“礼赞2019 奋进2020”系列网评

And then night, the real night, transparently blue and luminous with stars, appeared above the last cloud that vanished with the last clap of thunder. Unspeakable freshness and peace reigned over nature, and in the limpid air the mountain-chains, the giant Himalayas, extended to infinity in tones of amethyst and sapphire. Nearer to us, lights sparkled out in the innumerable huts built even to the verge of the eternal snows, on every spot of arable ground or half-starved grass land. The manager also traded in clocks, and a selection was displayed for sale at one end of the stalls.

Elephants came along, stepping daintily, but filling the whole width of the street, looking, with one little slanting eye cocked, as if they were laughing at the foot-passengers who were compelled to squeeze against the wall.

Under each plate, a large square cut out of a banana leaf serves as a finger-napkin. Innumerable are the dishes of sweetmeats made with ghee (clarified butter), the scented ices, the highly-coloured[Pg 18] bonbons; while the young couple walk round the rooms, and hang garlands of flowers about the necks of the feasters. Inside the mausoleum numberless lustres hang from the roof, and fine large standing lamps with crystal pendants burn round two tombs covered with antique hangings and wreathed with jasmine; beneath these lie the two last kings of Oudh. Small models of two famous mosques, one in gold and one in silver, are placed on the tombs, round which a whole regiment of obsequious moollahs and beggars mount guard. On the walls childish paintings, representing scenes of the Anglo-Indian conflict, alternate with mirrors in gilt frames, and silk standards exquisitely faded, embroidered with dim gold and silver, and surmounted by tridents.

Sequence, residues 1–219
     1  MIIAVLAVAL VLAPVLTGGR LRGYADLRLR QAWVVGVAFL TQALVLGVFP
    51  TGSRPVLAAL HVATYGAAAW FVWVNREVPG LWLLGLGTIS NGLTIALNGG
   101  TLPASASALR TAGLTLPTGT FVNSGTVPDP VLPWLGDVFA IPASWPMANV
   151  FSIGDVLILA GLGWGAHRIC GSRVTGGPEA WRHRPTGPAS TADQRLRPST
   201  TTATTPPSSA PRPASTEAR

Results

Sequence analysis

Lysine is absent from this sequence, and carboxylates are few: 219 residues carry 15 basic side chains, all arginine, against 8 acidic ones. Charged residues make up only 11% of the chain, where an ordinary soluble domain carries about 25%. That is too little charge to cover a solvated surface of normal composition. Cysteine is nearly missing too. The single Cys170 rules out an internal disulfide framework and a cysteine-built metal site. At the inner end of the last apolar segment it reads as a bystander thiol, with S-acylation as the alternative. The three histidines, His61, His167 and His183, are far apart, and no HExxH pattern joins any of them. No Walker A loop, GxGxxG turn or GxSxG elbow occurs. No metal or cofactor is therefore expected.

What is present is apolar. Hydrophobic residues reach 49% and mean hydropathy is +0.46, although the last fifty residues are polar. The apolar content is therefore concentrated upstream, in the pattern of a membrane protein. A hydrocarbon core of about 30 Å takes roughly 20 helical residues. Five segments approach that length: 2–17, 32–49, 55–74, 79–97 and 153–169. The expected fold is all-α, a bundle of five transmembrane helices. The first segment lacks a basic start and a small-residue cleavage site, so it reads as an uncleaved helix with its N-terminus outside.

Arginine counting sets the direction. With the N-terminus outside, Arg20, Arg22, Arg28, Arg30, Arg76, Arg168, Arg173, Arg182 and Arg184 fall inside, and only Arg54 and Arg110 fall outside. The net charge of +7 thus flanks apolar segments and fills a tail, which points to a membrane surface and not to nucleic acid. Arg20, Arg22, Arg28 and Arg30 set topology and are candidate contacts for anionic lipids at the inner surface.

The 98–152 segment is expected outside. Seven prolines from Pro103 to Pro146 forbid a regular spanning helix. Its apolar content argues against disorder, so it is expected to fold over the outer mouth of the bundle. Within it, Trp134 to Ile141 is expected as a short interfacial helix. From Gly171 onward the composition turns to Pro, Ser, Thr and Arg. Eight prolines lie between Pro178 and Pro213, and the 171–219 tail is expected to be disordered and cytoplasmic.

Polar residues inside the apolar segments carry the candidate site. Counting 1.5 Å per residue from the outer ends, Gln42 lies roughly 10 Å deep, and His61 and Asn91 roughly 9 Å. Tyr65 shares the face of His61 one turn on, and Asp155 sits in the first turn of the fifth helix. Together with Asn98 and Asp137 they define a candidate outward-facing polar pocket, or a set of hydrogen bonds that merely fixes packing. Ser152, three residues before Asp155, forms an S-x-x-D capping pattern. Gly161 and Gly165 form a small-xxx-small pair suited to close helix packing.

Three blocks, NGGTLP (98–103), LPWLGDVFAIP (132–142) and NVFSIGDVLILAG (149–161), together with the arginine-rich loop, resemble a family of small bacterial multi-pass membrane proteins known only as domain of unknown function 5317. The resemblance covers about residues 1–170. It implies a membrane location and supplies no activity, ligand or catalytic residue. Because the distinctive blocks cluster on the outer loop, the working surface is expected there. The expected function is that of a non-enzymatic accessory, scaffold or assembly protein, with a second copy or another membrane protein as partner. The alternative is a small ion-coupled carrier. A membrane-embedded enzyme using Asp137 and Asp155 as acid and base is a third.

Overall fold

Close to a village that has sprouted under the baobab-trees, in the midst of the plain that once was Khoutab, in the court of a mosque, is the marble sarcophagus of a princess. Grass is growing in the hollow of the stone that covers her, in fulfilment of the wishes of the maiden, who in her humility desired that when she was dead she should be laid to rest under the common earth whence the grass grows in the spring. And not far from the rajah's daughter, under a broad tamarind tree, in the blue shade, is the tomb of Kushru, the poet who immortalized Bagh-o-Bahar. On the sarcophagus, in the little kiosk, was a kerchief of silk and gold, with a wreath of fresh flowers renewed every day by the faithful. [Pg 12]

In one room we heard musicguzlas, drums, and a vina. There were three dancing-girls. At first they only performed the Indian "goose-step," the slow revolutions growing gradually quicker. But urged by the soldiers who filled the room and beat time with their sticks on the floor, the nautch-girls marked their steps, wriggled with heavy awkward movements, and tried to dance a Highland jig, taught by two Scotch soldiers.

Heavy coaches with solid wheels, hermetically covered with red stuff patterned with white, were bringing home the invisible but noisy ladies of the zenana.